In the time of the technological revolution, perfection can’t be achieved anymore. Why? Because as soon as a good product or service is released, another company seizes the opportunity to make it better, faster and cheaper. By the time one company releases its “perfect” solution, another company has experimented, tested, iterated and improved, starting with something simpler and incrementally moving to something more complex.

We live in the times when experimentation, iteration, open-mindedness, feedback and incremental change are more important than perfection, rigidity and best practices. Can HR evolve from a “best practice to achieve perfection” approach to a “let’s experiment, test, learn and measure to understand” approach? It’s yet to happen. And it will determine the success rate of the HR of the future.

HR needs to embrace agility and ditch the quest for perfection. Embracing agility means: 1) focus: thinking in terms of smaller project goals that can be designed, delivered and tested faster than bigger ones; 2) experimentation: trying new concepts along the way; 3) learning: from mistakes and failures; 3) simplicity: iterating with simple solutions that can build up to bigger ones, instead of designing bigger solutions to find out at the end that they don’t work.

Perhaps another way to put it is this: HR needs to stop being afraid of making mistakes. Innovation and agility never come from being afraid. They come from being courageous and daring to do things differently. HR needs to evolve from fear to change, to openness to experiment.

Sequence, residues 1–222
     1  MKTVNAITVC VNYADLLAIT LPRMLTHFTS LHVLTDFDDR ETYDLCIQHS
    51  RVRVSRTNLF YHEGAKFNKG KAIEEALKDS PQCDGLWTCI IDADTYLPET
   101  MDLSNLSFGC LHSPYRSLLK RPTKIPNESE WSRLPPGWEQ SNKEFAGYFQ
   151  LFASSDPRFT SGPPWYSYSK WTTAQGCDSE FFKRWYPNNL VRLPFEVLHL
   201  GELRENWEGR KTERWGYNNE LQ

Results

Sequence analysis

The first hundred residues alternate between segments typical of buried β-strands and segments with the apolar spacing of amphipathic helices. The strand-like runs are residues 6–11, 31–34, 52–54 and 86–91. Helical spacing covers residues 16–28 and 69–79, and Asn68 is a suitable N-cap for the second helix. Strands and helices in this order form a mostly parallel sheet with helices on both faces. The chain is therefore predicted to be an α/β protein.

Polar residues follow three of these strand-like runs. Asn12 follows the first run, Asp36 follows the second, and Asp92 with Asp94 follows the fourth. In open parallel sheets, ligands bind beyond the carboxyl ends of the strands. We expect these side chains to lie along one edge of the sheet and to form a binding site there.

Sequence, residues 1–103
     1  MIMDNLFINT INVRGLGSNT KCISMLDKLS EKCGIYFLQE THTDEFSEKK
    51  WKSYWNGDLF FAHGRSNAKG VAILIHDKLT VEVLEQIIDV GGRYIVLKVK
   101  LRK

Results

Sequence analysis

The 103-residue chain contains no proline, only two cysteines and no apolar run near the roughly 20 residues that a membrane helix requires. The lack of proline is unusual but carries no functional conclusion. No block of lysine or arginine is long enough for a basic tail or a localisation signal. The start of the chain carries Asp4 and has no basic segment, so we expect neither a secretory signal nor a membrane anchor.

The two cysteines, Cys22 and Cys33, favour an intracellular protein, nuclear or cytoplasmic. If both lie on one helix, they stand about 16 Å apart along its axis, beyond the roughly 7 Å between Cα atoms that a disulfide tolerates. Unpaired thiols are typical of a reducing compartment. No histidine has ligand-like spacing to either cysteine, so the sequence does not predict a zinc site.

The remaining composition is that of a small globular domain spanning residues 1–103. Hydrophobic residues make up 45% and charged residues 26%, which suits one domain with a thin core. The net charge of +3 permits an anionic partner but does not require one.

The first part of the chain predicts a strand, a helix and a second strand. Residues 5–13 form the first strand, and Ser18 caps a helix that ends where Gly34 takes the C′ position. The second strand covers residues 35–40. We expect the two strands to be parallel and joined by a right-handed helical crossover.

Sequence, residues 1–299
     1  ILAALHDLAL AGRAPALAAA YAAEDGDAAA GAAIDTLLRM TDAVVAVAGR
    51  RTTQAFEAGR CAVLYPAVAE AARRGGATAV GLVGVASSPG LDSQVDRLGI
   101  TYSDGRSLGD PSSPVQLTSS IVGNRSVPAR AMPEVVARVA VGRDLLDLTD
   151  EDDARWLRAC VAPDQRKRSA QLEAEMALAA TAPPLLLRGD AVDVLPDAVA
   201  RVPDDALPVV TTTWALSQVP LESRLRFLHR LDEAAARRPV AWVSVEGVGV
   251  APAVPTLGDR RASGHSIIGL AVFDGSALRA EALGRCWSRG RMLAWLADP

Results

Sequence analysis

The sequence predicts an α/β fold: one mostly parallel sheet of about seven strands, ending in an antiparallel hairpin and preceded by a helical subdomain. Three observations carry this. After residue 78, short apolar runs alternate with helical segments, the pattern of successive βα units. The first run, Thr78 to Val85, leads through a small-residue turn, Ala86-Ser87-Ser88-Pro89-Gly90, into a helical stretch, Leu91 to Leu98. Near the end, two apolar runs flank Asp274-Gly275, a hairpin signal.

digital-workplace-banner

3.The digital mindset

I’m going to concede that one of the scariest things about the digital revolution is the lack of technological or digital knowledge. For people who have focused their careers in human science fields (psychology, HR management, etc.), it’s daunting to think that now they might have to learn technical things.

Here’s the good news: you don’t need to be a techy HR person to understand how technology will impact your work. You need to know the basics, remain open-minded and work with people who do know a lot about technology.

What’s interesting about the digital revolution is that the digital mindset it needs doesn’t necessarily imply knowing the nuts and bolts of technological solutions. Instead, it demands that HR people remain open-minded to “what and how” technology can be helpful. HR people don’t have to be AI experts, but they do have to know the benefits of AI and integrate people who understand the technical background.

The World Economic Forum lists the top 10 skills needed for the fourth industrial revolution. None of them is totally technical. They are, rather, a combination of important soft skills relevant for the digital revolution.

That’s what the digital mindset is all about. It’s not only about technology, but about curiosity, creativity, problem-solving, empathy, flexibility, decision-making and judgment, among others. HR needs to redesign itself to foster this digital mindset, both within its own boundaries and across the company units.

digital-revolution-software-development

4.The digital service provider

HR is ultimately a service provider. As such, it needs to be on top of the way the most competitive and innovative companies in the world provide services to their clients. Today, HR is extremely slow and rigid in managing the processes under its responsibility. And, as I mentioned before, it’s not all because of a lack of technological understanding. It’s simply a matter of mindset.